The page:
Frisco short-term rentals

Mayor Pro Tem Bill Woodard was the sole vote against approving an ordinance that provides regulations for short-term rentals in Frisco. 

Short-term rentals in Frisco will be facing more regulations and fees following a recent City Council vote.

On Aug. 17, a majority of Frisco City Council members voted in favor of an ordinance that will in part instill a permitting requirement, require safety measures and require hotel/motel tax payments of short-term rentals in the city.

Short-term rentals (STRs), residences that are rented out for less than 30 days at a time, have become widely used before regulations could be adopted, a city memo from Code Enforcement Supervisor Penny Curtis said.

“Many communities are now playing catch-up in an effort to address their citizen's concerns to protect their neighborhoods, maintain the availability of residential housing and ensure proper tax collection,” she stated.

City officials estimated about 288 STR listings in Frisco as of December, although Curtis noted that reporting the amount was difficult.

The ordinance notes that some local STR owners don’t provide adequate contact information, and some don’t live in the state or have firsthand knowledge of their properties or renters. It mandates that STRs can only operate with an annual city-issued $300 permit and requires the contact information of a designated person who can respond to complaints within an hour.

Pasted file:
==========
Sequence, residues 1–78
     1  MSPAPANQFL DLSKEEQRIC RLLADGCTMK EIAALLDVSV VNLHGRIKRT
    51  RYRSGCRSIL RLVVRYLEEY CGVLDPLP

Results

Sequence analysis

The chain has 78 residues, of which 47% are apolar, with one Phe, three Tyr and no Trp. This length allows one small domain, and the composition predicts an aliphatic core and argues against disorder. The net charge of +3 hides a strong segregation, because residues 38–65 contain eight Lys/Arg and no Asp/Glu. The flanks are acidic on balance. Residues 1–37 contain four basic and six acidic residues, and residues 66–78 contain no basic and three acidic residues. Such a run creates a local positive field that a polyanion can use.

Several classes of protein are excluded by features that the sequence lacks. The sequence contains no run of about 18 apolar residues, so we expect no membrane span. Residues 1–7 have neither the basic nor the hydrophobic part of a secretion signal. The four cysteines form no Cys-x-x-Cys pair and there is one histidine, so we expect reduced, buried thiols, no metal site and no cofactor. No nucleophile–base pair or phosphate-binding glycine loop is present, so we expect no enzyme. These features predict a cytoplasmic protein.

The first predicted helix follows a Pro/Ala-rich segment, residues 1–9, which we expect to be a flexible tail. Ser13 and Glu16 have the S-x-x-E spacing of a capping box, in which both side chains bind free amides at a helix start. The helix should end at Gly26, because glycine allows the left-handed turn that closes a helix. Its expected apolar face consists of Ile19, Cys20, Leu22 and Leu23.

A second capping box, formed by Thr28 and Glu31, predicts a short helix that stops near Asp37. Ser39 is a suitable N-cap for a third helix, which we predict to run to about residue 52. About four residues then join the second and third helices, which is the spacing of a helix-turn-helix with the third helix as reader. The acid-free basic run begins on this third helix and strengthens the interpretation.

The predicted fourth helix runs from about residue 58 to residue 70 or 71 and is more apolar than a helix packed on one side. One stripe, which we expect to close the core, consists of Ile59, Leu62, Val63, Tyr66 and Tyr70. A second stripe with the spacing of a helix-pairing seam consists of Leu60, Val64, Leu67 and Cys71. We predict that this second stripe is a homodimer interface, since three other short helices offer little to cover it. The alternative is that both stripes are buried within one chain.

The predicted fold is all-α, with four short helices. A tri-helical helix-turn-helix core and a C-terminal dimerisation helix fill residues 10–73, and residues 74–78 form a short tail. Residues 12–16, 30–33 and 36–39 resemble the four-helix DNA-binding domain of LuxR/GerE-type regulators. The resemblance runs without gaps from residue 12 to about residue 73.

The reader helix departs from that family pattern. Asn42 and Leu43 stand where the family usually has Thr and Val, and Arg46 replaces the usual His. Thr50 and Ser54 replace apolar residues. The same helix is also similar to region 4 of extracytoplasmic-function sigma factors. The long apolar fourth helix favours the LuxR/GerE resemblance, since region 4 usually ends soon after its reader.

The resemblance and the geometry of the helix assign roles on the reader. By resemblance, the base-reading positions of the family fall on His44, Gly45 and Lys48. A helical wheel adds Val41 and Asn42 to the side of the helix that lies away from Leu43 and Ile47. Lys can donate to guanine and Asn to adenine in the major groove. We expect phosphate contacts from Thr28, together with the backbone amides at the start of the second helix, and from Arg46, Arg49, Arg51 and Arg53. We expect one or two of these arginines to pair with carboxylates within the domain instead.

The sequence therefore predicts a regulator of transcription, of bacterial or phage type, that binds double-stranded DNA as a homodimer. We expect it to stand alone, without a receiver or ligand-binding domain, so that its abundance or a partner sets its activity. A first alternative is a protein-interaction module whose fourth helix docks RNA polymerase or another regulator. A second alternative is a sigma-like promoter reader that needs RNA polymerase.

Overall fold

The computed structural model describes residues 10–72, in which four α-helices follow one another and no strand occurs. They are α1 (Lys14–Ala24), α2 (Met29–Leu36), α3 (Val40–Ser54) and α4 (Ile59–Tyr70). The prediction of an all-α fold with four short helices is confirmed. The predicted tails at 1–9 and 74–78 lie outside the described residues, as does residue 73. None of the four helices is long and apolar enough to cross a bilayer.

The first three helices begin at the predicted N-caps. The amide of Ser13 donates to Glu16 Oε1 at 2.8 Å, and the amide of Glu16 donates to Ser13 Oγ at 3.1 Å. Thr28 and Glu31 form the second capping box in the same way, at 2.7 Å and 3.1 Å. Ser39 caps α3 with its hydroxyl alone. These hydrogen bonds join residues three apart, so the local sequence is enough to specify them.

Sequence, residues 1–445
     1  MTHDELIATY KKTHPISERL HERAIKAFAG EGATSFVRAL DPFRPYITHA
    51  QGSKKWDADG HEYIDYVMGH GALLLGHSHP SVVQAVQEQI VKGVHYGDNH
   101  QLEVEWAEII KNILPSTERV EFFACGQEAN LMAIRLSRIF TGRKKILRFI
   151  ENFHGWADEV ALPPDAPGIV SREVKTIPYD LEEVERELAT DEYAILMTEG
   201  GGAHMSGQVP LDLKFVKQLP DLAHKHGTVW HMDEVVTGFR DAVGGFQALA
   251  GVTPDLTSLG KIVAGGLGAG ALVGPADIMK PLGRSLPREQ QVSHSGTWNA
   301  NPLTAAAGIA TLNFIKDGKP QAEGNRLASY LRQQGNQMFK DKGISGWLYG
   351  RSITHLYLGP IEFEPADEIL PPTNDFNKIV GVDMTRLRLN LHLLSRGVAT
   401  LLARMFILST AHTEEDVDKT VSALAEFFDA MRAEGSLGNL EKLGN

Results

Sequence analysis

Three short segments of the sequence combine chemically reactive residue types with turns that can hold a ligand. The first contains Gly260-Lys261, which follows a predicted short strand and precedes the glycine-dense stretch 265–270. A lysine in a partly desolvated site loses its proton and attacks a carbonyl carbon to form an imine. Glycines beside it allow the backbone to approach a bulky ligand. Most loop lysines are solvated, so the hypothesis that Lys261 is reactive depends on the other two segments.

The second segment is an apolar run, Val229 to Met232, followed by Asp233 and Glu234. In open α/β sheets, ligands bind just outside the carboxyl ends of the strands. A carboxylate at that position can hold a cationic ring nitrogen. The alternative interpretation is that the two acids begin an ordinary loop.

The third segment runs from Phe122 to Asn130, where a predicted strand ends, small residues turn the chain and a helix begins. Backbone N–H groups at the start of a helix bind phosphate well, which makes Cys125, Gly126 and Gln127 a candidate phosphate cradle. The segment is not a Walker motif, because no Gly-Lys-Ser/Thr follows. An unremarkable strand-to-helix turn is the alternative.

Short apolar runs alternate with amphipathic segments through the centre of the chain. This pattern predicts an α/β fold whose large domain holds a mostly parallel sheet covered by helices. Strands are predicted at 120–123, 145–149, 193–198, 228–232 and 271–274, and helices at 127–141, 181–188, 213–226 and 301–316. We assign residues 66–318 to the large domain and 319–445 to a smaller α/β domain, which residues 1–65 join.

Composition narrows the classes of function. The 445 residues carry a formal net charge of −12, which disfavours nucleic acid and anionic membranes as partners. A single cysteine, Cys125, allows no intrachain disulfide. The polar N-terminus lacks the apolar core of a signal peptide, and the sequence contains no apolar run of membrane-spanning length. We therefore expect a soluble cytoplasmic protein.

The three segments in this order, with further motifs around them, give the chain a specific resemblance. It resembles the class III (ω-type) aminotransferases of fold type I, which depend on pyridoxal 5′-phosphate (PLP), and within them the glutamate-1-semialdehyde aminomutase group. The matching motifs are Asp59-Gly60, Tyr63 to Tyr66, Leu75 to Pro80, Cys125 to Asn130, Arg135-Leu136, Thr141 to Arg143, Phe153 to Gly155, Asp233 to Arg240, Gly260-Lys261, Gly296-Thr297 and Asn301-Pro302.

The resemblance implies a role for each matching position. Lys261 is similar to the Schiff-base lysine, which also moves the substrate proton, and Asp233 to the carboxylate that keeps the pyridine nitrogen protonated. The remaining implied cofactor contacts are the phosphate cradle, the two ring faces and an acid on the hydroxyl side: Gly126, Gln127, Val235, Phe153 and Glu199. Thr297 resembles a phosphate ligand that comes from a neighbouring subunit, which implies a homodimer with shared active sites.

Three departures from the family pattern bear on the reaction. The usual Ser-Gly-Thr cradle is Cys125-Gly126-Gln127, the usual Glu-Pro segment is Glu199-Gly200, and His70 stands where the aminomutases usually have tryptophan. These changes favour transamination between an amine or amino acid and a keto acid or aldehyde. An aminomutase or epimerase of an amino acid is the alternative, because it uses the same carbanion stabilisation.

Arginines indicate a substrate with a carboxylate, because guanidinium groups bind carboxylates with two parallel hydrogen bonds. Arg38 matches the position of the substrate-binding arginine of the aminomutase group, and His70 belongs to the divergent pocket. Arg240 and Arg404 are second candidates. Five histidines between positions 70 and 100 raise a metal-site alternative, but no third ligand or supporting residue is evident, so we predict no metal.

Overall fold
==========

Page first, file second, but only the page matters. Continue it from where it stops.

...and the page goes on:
Curtis said an alternative to approving the ordinance included using a law enforcement portal provided by short-term rental platforms Airbnb and Expedia. She said the city of Plano used the portal and had seen some success in mitigating public impact.

Mayor Jeff Cheney pointed out that a high percentage of reported complaints are due to a handful of properties.

During the meeting, Frisco resident Jeanne Weisz said the ordinance was an overreach by city management.

“I oppose having the city manage private property,” she said. “That’s my impression.”

Resident Michael Armistead felt differently.

“Something along this line of guidelines in order to provide some structure I don’t believe is an overreach of the city council’s power,” Armistead said.

Council members voted 5-1 for the measure with Mayor Pro Tem Bill Woodard voting against.

Woodard said he had originally intended to support the ordinance with a request to review it a year later.

“But the more I think about it, an ordinance to solve for only a handful of properties...I don’t think that’s the best use of our time right now,” he said.

Woodard added that he would rather try other avenues to address the handful of “bad actors” and see if those solve problems first.

Deputy Mayor Pro Tem Brian Livingston and councilmembers John Keating and Dan Stricklin spoke in favor of the ordinance.

Keating said the ordinance was a first attempt at creating guidelines and clarity.

“It helps, I think communicate to everyone that whether you own, rent or are renting, all of our city rules, all of our city ordinances would apply, and that in this case, it helps us enforce those rules when there’s an absentee owner in the case of a short-term rental,” Keating said.

The ordinance will take effect 90 days from the approval date. 

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